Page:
A truly smart robot finds an appropriate moving posture to push heavy objects

In
a robot, strength is important, but sometimes it’s more important how the
strength is directed. If you’ve ever had to move a refrigerator, you know that
the best course of action involves pushing or pulling the object instead of
lifting up, directly. The latest human-like robot developed by the University
of Tokyo’s JSK Laboratory takes that logic and expands on it, pushing, pulling,
and scooting washing machine and large objects. The robot uses impressive
posture and crouches, bracing itself so well that if it were human, it would be
protecting its back from lifting strain.

Researchers
Masayuki Inaba and Kei Okada programmed the robot, an HRP-2 model, to approach
each large object with a set of motions like pushing with it shoulders,
forearms, or with its back against the object. Just like a human, the robot
automatically cycles through the motions until it finds a successful way to
move the object.

Credit: University of Tokyo/JSK Laboratory
The
robot finds an appropriate moving posture by analyzing the object’s weight,
dimensions, and friction against the ground surface. The robot’s first attempts
are always lower force manipulations, and as it tries again, each attempt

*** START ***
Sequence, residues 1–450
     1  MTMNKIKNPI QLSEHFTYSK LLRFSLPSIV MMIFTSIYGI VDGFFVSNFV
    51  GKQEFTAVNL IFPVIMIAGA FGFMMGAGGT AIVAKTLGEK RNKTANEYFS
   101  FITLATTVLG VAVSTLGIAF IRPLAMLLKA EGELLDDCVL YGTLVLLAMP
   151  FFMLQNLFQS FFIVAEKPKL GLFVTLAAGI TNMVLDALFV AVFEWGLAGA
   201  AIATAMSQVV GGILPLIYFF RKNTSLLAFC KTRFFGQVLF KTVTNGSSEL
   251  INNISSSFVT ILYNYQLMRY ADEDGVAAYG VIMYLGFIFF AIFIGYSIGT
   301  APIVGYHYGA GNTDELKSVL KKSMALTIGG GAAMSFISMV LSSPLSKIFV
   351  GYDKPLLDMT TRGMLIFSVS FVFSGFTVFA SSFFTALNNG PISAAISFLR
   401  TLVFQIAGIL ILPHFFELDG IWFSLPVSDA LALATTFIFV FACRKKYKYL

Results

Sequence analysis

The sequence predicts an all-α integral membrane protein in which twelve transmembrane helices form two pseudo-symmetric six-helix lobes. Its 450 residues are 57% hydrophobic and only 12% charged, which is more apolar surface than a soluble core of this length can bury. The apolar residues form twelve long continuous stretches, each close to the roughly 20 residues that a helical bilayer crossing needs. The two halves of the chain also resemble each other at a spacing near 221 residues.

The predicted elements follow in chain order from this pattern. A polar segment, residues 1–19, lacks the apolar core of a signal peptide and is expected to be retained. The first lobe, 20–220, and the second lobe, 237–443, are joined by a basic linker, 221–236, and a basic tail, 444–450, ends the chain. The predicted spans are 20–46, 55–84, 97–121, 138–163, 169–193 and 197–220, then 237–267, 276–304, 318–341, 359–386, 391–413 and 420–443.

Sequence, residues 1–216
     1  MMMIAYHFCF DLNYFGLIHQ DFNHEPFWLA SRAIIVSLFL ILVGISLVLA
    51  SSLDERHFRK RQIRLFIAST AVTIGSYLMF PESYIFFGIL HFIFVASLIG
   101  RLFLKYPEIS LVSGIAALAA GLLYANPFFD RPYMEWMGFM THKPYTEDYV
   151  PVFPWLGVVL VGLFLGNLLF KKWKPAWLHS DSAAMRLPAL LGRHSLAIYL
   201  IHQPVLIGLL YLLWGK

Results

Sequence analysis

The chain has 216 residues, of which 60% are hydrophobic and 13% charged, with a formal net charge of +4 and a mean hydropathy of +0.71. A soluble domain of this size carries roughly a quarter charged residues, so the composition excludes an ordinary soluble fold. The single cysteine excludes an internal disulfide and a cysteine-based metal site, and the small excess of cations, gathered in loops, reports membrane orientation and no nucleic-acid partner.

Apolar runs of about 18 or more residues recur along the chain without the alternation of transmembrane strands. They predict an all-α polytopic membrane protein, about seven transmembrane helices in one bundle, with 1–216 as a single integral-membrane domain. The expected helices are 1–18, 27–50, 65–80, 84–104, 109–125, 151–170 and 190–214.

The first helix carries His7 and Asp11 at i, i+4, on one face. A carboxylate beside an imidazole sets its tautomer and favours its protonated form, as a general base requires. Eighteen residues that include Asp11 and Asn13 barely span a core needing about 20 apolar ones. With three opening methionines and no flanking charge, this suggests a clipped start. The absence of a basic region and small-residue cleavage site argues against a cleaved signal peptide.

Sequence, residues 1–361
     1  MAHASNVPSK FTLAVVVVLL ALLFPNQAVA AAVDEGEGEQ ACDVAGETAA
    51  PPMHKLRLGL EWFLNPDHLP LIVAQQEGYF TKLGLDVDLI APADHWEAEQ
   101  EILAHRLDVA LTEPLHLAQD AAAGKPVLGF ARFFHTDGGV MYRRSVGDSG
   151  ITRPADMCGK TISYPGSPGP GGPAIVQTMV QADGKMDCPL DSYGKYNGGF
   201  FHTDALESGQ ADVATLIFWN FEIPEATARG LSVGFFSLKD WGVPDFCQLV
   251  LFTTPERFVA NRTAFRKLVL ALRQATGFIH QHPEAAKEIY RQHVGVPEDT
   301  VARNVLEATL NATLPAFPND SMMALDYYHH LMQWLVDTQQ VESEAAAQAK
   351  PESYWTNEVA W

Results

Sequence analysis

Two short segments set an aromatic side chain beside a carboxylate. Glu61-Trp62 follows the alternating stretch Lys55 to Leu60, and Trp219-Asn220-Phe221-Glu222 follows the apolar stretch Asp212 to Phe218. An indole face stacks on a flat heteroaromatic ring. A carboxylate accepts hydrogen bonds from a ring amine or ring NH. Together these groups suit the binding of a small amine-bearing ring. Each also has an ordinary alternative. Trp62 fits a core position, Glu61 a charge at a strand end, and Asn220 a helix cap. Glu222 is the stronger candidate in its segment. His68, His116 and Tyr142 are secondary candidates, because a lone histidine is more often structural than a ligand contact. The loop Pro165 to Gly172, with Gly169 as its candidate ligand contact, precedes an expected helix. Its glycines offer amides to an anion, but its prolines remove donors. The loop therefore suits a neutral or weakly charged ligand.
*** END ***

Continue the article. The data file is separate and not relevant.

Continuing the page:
increases in force. The robot also is quite stable on its feet. It is
programmed to adjust its footsteps to be shorter or longer based on how far it
is able to move the object.

A
truly smart robot adapts to a variety of challenges on the fly-like adjusting
its posture to push or pull big objects, just like a person does. But what
comes naturally to humans is a lot more complicated for robots.

It
sounds simple, but this is really cool behavior, as IEEE Spectrum explains.
This kind of improvisational problem-solving is an extremely human trait. Lots
of robots, especially ones currently being used in factories and whatnot, are
only programmed to do one task, in one way, in one place. For example, a robot
that stays in the same location on the work floor and lifts heavy boxes coming
down a pre-designated conveyor belt. Even more impressive is that the robot
doesn’t stumble or fall-like I might. It can adjust the size of its steps based
on how much, or little, the object is moving. This is also a big deal, because
it not only shows the robot replacing what could literally be back-breaking
labor for a human, but that it could also perform the task better than a human.

According
to Spectrum, the ‘bot was presented by University of Tokyo researchers in a
paper called “Whole-Body Pushing Manipulation With Contact Posture
Planning of Large and Heavy Object for Humanoid Robot,” at IEEE’s
International Conference on Robotics and Automation in Seattle last week. 
(Via Gizmodo)

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further in IEEE

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